Grounding: Connected (connecting) to grounding or conductive body that extends the grounding connection. Grounding should not be confused with gluing. Devices can be connected to each other, but they are not considered grounded unless they are reconnected to the ground. The size of the GEC should be consistent with table 250.66. The notes at the end of table 250.66 should be taken into account if there are multiple input managers or if there are no input managers. Taking into account the number of service line managers, the size is determined either by the largest non-grounded service line manager or by the corresponding area for parallel drivers. The size of the GEC also depends on the material of the conductor and its connection to electrodes specific to section 250.66(A) through (C). The permitted materials are copper, aluminum, copper-coated aluminum, and articles permitted under section 250.68(C). Concrete coated grounding electrode [250.52(A)(3)] Complementary vs. complementary. Do not confuse the requirements for additional electrodes (250.54) with those for additional electrodes, such as metal groundwater pipe [250.53(D)(2)]. Some errors often occur in design or during construction due to a lack of understanding or misunderstanding regarding grounding, gluing and section 250 of the NEC. Here are some common mistakes: We also have the requirements for the physical installation of each electrode.

In addition to the need to be in contact with the ground, there are specific requirements such as the digging depth that we must follow. Rod and tube electrodes must be at least 8 feet in contact with the ground and installed vertically, unless bedrock is encountered at a depth of less than 8 feet. In this case, the electrode can be installed at an angle or horizontally if necessary. In the event that a pole must be laid flat, it must be buried to a depth of 30 inches. This is a common digging depth for most “manufactured” electrodes. Plate and ground ring electrodes must also be installed at a minimum depth of 30 inches. Service: The ladders and equipment used to provide electrical power from the utility company to the wiring system of the staffed premises. The sweaters that connect. If your grounding electrode system is within 18 inches of the Earth, use copper to connect the grounding electrodes together [250.64(A)]. Cut it by 250.66. Secure the adhesive jumper securely to the surface on which it is worn and protect it from physical damage [250.64(B)]. Ground fault current path: An electrically conductive path from the point of a ground fault on a wiring system through conductors, equipment or ground normally not energized to the power source.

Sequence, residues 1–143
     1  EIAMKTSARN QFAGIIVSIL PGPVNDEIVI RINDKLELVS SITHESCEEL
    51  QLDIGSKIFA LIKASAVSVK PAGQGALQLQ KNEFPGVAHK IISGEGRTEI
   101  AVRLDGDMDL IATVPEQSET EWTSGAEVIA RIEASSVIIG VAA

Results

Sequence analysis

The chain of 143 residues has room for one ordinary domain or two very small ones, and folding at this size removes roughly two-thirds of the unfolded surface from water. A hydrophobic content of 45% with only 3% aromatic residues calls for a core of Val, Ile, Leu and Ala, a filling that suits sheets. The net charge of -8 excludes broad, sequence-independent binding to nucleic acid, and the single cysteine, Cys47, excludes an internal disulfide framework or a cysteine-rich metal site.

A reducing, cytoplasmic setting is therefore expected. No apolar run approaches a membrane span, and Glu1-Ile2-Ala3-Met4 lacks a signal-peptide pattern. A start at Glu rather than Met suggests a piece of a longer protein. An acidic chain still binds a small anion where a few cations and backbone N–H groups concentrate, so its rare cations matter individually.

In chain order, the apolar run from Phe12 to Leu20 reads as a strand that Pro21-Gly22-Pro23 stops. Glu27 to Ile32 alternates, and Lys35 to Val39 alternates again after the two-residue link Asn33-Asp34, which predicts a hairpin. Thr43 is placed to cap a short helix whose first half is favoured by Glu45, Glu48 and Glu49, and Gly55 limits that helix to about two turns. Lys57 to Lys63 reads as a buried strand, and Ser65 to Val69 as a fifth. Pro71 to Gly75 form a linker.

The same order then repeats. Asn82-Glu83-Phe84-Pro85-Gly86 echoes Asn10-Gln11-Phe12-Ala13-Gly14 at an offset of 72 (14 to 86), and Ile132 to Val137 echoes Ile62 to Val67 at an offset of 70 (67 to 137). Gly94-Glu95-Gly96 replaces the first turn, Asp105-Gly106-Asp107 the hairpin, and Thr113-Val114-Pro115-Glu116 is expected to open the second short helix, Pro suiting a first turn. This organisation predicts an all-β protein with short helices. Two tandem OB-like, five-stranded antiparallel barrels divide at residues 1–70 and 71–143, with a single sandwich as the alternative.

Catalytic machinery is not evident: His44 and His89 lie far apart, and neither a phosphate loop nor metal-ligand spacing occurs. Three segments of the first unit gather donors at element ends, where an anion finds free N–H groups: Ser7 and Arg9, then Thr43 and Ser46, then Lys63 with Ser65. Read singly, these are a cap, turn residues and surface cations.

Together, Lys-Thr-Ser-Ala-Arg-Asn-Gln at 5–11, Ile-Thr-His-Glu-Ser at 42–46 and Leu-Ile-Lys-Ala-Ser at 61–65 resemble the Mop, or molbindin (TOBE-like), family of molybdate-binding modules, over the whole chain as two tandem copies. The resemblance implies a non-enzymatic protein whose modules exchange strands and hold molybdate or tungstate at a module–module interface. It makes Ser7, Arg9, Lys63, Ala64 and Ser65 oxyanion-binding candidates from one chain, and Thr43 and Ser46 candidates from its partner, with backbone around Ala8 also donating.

Examples of ground fault current paths are any combination of equipment grounding conductors, metal tracks, and electrical devices. Effective ground fault current path: A low-impedance electrically conductive path intentionally designed to conduct current under grounding fault conditions from the point of a grounding fault on a wiring system to the power source, and that facilitates the operation of the overcurrent protection device or grounding fault detectors. Earth is not considered an effective earth fault current path. NASCAR racers treat their tires with care that borders on fear. Even the most powerful engines are useless if the tires don`t fit properly on the track. And large grounding conductors are useless if your grounding electrode system doesn`t ground the ground properly. In the first case, start by choosing the right tires. In the second, you start by choosing the right electrodes.

Figure 1: The illustration of grounding systems shows the connection between the utility and the load. Courtesy of CDM Smith To repeat, the GEC is the connection of the grounded conductor of the system or equipment to a grounding electrode or to a point in the grounding electrode system. This leads to fault No. 2, defects in the grounding electrode system that often occur in design and construction. The grounding electrode system consists of grounding electrodes present on each building or structure and connected to each other. Elements that are considered grounding electrodes are listed in section 250.52, which includes a concrete coated electrode, a grounding ring surrounding the building or structure, rod and tube electrodes, plate electrodes and other listed electrodes. The NEC describes the minimum requirements, but not necessarily the design or engineering requirements, that allow for a functional system based on the scope of the project. First, we need to understand some of the terms used within CEN when it comes to grounding and linking so that we can fully understand the intent of what is required.